To really appreciate how technology has transformed the public’s ability to access documents held by agencies like the Arizona Department of Water Resources, one must step back in time and consider what it took to find filed information in The Olden Days.
In the Truly Olden Days before electronic versions of documents could be found online, there was paper. And file cabinets. And customer-service desks where weary clients would take numbers or stand in lines. In the Truly Olden Days, tracking down information often could be a day-long affair. Or days-long.
Then the era of online documents began. Being able to find a document from the comfort of one’s own computer terminal certainly helped reduce the time devoted to finding a document. But the key word always has been “find.”
Yes, the documents that a person would seek may be “there.” Stored somewhere on an agency’s website. But it often would take a skilled technician to sift through the user-unfriendly electronic storage bins. “There” was still a big, impenetrable place.
Like many state agencies, ADWR has put a great deal of effort and energy to move our records out of those frustrating Olden Days. Accessibility is crucial. Step by step, we are finding ways for our customers to find what they need easily and on their own.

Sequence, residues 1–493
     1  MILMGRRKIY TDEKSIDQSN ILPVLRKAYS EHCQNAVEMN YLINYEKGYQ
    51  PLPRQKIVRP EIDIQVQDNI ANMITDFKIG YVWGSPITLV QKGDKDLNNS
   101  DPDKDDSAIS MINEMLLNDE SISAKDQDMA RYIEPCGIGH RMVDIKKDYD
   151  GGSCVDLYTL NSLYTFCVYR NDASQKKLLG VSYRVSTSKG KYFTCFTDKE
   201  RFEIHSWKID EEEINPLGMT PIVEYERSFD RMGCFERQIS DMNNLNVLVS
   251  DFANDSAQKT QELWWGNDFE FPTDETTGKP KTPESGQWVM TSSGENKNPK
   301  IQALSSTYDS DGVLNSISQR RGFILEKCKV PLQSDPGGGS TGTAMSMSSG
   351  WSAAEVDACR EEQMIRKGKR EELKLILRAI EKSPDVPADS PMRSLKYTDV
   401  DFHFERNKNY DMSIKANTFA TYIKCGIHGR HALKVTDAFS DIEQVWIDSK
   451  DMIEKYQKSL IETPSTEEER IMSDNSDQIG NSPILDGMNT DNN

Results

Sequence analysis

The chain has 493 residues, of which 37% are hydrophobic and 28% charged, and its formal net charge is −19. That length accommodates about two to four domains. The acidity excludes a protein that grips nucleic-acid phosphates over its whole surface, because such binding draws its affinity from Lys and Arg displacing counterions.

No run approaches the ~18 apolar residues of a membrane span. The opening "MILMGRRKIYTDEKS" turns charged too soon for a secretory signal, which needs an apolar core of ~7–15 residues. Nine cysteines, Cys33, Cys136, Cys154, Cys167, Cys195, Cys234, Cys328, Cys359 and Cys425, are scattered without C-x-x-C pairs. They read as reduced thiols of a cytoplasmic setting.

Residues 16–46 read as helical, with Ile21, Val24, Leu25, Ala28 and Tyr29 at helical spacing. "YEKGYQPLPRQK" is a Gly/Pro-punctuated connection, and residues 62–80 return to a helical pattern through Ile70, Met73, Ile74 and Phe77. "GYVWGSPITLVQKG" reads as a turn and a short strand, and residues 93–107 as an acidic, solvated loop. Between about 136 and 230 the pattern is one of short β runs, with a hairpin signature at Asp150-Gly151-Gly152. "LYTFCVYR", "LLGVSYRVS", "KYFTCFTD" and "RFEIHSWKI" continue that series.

ADWR’s Adjudications Division – a part of our team that deals with the nature, extent and relative priority of water rights in Arizona, which is one of the most complex areas of water law – has just put online an interactive tool that puts more information at the public’s fingertips.
The new map provides much easier access to the Department’s records of claims for water rights, known as “Statements of Claimants,” or “SOCs”.
Jointly developed by ADWR’s Adjudications and IT departments, it allows users to search by SOC number, claimant name, address or just to browse for water rights claims in a given area.
“Water rights claims filed with the Department were accessible online, but many customers required assistance in locating copies of their claims because the search process was difficult and cumbersome,” said Joy Hernbrode, Assistant Director in charge of the Adjudications Division.
“The new web map allows claimants to more easily locate their SOC. Customers can enter name or address information in the search bar, or just navigate the map to view the area that they are interested in.”
The Statement of Claimant Locator Map is one of several created by ADWR staff in recent years to help the public access the Department’s vast stores of water-related data more easily. The system is based on information system technology designed by Esri, a company that provides tools to capture, view, edit, manage, analyze, and share data in the context of location.